This will be basic overview of how CNC machines work, from the movement of the machine itself to the computer driving it.
Lets begin at the machine itself and how it moves around, the movement of the machine is driven by actuators – very precise motors which can be controlled with a very high degree of accuracy.
The most common actuators you’ll see used on CNC machines are stepper motors and servo motors. Each unique CNC machine will suite one of these motors more than the other, although typically it comes down to cost. Quite simply servos are better, however as you might expect they are more expensive.
Servos use something called “closed loop control”, this means the motor always knows where it is no matter what outside forces are at play. For example: if the motor was jammed for a fraction of a second whilst the CNC machine was in operation.
Stepper motors on the other hand use “open loop control”, which means unlike the servo motor, it doesn’t know where it is; it only does the movement and “hopes” it was made. However don’t let that make you think stepper motors are bad, as long as the right stepper motor is picked for the CNC machine and it has enough power, this won’t happen.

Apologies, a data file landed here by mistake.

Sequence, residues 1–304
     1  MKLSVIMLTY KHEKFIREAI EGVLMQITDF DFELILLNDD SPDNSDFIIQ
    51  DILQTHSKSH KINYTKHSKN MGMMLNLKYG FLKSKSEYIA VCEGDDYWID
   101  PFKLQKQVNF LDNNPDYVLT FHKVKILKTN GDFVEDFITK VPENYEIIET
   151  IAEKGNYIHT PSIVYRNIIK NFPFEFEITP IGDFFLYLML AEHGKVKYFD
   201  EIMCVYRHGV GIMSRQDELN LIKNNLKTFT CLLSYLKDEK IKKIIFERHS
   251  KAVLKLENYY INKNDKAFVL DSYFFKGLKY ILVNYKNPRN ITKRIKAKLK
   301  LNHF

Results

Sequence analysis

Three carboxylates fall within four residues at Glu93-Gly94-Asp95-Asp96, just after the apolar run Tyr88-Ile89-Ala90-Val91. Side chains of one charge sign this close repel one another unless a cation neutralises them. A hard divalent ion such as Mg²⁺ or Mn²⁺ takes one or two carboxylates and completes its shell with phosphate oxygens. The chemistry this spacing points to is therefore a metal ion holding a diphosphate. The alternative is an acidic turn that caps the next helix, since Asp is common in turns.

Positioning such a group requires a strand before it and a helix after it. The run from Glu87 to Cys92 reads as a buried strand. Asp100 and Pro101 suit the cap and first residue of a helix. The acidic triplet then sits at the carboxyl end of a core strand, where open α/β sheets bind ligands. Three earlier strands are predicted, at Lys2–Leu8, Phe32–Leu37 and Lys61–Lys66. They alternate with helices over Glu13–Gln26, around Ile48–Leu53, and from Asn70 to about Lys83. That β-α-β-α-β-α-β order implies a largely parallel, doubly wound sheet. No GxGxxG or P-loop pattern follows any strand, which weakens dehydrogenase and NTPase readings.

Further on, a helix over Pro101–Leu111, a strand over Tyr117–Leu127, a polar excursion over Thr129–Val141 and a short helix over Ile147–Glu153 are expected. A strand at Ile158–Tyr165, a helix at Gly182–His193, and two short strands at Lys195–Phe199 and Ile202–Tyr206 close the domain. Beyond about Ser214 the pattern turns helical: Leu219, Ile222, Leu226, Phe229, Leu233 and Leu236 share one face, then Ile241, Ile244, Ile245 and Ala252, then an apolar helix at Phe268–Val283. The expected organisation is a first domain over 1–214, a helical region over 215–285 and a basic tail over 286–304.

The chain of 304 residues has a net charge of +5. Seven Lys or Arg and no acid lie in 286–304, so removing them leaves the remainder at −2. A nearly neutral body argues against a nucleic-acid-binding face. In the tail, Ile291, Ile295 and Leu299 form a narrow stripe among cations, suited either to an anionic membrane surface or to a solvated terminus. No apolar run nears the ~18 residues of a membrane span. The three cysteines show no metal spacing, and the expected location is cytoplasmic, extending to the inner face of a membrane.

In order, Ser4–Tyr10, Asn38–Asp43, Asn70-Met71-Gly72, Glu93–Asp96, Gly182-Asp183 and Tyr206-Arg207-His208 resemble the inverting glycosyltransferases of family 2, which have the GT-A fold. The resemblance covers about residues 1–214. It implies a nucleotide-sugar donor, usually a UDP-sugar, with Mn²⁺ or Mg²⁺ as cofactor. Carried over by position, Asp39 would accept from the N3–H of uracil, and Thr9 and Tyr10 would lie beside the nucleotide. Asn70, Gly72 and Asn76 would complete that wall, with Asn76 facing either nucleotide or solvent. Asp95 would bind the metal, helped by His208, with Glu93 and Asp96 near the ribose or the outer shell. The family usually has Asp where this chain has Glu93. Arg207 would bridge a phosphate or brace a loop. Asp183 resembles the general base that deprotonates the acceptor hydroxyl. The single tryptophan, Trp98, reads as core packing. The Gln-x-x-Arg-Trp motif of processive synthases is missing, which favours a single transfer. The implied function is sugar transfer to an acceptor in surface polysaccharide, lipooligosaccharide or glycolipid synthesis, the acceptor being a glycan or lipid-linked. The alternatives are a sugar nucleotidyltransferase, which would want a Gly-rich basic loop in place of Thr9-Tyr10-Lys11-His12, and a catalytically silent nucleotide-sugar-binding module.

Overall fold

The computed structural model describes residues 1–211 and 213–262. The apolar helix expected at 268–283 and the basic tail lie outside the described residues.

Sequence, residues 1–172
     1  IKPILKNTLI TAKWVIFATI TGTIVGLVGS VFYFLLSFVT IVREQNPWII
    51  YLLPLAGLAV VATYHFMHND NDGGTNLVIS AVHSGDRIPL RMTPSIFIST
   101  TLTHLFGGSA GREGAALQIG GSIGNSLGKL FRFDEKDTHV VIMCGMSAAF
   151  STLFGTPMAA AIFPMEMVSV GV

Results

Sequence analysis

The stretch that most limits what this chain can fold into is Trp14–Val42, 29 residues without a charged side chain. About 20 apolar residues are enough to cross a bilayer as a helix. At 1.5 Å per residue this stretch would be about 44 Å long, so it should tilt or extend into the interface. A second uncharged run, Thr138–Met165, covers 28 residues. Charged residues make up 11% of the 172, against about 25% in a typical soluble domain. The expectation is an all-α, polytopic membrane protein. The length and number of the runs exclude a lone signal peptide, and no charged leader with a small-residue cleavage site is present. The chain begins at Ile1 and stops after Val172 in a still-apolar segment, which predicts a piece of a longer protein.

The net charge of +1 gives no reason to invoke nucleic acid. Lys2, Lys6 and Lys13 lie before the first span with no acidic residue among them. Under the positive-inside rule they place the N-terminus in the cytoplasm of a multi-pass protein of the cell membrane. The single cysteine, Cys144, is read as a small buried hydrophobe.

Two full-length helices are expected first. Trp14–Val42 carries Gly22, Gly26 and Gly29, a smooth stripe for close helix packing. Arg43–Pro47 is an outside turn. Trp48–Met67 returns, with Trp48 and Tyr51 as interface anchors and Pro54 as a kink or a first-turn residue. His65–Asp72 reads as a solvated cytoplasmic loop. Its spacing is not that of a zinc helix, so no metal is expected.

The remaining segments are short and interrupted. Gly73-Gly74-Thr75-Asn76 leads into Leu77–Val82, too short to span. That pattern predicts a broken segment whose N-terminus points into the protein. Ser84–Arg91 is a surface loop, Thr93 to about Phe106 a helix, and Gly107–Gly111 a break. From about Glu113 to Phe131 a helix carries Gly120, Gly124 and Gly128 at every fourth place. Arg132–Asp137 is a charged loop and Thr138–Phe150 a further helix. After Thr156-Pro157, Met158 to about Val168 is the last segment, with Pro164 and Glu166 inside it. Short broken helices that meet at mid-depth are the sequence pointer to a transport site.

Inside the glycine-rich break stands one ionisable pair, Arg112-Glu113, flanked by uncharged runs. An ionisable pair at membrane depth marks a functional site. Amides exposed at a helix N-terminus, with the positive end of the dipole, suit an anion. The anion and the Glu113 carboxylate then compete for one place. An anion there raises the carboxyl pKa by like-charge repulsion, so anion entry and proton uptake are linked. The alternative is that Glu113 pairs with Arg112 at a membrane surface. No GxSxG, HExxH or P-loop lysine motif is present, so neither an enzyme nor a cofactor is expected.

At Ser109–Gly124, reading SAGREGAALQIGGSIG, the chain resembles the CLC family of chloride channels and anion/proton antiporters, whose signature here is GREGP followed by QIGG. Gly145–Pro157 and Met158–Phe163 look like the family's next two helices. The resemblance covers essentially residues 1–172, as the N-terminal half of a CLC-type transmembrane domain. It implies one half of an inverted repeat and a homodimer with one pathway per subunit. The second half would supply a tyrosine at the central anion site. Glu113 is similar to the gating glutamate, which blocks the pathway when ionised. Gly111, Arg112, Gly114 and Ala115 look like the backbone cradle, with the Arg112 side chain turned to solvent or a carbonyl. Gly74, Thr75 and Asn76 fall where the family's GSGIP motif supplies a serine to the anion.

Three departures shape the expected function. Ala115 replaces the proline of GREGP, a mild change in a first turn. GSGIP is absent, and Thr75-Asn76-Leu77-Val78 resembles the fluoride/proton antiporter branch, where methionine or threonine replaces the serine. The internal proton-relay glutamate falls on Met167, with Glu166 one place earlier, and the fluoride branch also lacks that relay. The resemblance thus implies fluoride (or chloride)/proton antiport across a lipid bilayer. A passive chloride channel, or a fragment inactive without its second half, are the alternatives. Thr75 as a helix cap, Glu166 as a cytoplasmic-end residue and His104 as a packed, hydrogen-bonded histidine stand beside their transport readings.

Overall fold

Drivers are what control the actuators. These drivers are high-powered devices which take signals generated from the computer and turn them into movement through the actuators, be it stepper or servo.
Each actuator will need its own driver, so if you have three stepper motors, you’ll need three stepper motor drivers.
A computer will convert G-Code in to many thousands of small motions that it’ll send one-by-one to the actuator drivers. In the hobbyist world there are two primary options:
- Use a PC with software like Mach3 for Windows or LinuxCNC for Linux. Typically these applications control your actuator drivers via the 25 pin parallel port on your PC, commonly referred to as the printer port. However it’s been many years since printer ports were common on PC’s, and it may be quite difficult to find one. The alternative is to use an external device that can be connected via a typical USB connection.
- A small embedded computer that will do all the CNC processing on board. An example of this is grbl which runs on an Arduino Uno microcontroller board.
This basic overview applies for every kind of CNC machine whether its a CNC router, plasma, laser, milling machine, lathe or 3D printer. They all use the same underlying infrastructure.